The serratus anterior is important for driving the "rotation" aspect of scapular upward rotation via its protraction capabilities. Athletes, especially those who throw overhead, need to be able to get the scapula "around and up" the rib cage in order to in order to both create a good ball-socket congruency at lay-back, and also to reach thee arm overhead and finish out in front.

Running Mechanics

The Glute Wall March allows an athlete to feel the position they need to be in during the acceleration phase of a sprint. During acceleration, athletes must apply horizontal force into the ground. This requires a forward lean. As the glute wall march is closed chain exercise, it provides stability for the athlete to feel the necessary forward lean during acceleration.

Fortunately, we have several variations we can use to bias our training toward different benefits. Here they are:

Glute Wall March Isometric Holds

Isometric holds are a great way to get an athlete to feel a position. Typically, we'll program three five-second holds on each side - although you could also do 30s/side if you're looking to really reap the tendon health benefits of this drill.

Glute Wall March ISO - Supinated Forearms

This has all the benefits of a glute wall march iso hold, but it's an easy way to sneak in a forearm stretch in a population that often lacks elbow extension and forearm supination.

Glute Wall March 1-2's

Once an athlete understands what a stacked position should feel like, progressing to this variation can allow them to put more force into the floor. A common cue is to pretend the legs are "pistons of an engine." This promotes the feeling of leg drive during acceleration.

Wall Assisted Load and Explode

This dynamic variation can help an athlete feel more intent of driving the floor away. It's a great way to help an athlete use the ground to produce force while maintaining a stacked position.

As you can see, these drills deserve a place in your training programs, whether it's warm-ups, arm care, movement training sessions, or as a filler in between power training or strength exercises!

About the Author

Dylan Lidge serves as a Strength and Conditioning Coach at Cressey Sports Performance - Florida. Prior to joining the staff, Dylan completed an internship at CSP-FL in the summer of 2020. He graduated from the University of Illinois Urbana-Champaign with a B.S. in Kinesiology. He is currently studying at the University of Illinois-Chicago for his MS in Kinesiology with a concentration in Biomechanics. At UIC he holds a position as a teacher's assistant in an exercise technique course, as well as an instructor for a personal fitness course. In 2019, he interned with the UIC Strength and Conditioning staff assisting with the baseball team. Dylan has coached baseball at the collegiate, high school, and youth levels.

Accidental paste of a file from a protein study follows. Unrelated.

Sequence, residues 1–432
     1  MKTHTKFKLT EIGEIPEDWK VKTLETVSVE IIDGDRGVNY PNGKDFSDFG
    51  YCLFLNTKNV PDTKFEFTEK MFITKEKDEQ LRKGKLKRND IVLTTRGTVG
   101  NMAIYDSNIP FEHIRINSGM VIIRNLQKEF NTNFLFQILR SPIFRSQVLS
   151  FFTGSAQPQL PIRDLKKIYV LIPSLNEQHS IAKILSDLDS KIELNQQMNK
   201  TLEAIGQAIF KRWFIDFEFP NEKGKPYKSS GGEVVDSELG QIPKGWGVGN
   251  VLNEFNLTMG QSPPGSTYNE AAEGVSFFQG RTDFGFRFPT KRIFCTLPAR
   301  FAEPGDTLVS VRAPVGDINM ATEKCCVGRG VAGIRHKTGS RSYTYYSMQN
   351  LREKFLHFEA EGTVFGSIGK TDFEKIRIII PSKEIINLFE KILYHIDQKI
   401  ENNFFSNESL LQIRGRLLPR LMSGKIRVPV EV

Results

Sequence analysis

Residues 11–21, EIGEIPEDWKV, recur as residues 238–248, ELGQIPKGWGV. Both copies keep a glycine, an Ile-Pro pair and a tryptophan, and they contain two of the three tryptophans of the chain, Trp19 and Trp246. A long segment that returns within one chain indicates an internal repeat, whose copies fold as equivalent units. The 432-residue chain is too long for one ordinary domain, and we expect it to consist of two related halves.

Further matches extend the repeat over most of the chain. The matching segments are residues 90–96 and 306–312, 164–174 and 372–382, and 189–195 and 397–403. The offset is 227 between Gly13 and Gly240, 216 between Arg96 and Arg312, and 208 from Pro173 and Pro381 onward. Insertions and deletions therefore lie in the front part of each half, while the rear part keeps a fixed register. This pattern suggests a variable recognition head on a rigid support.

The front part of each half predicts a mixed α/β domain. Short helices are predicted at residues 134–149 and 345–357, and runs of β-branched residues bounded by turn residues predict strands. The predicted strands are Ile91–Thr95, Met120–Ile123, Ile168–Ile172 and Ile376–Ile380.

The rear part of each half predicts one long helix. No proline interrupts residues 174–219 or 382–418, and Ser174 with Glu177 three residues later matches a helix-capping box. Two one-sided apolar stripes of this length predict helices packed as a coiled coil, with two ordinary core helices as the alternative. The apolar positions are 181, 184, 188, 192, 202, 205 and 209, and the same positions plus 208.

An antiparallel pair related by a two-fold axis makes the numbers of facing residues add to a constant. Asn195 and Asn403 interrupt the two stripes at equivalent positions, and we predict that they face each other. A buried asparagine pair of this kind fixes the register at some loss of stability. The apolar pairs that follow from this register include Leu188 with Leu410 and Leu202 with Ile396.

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CSP Elite Baseball Development Podcast: Josiah Gray

We welcome Washington Nationals starting pitcher Josiah Gray to this week’s podcast. Josiah trained at Cressey Sports Performance - FL this past offseason and really impressed me as not only a hard worker, but a pitcher who really understands his identity and what makes "his unique" successful. He wasn't a highly-touted prospect out of high school, but turned himself into a second rounder and, eventually, a big leaguer thanks to his preparation.

A special thanks to this show's sponsor, Proteus Motion. They're changing the way we assess and train athletes with their 3D Resistance. Head to www.ProteusMotion.com to learn more about this cutting-edge technology. 

 

You can follow Josiah on Instagram at @jojo_gray21.

Sponsor Reminder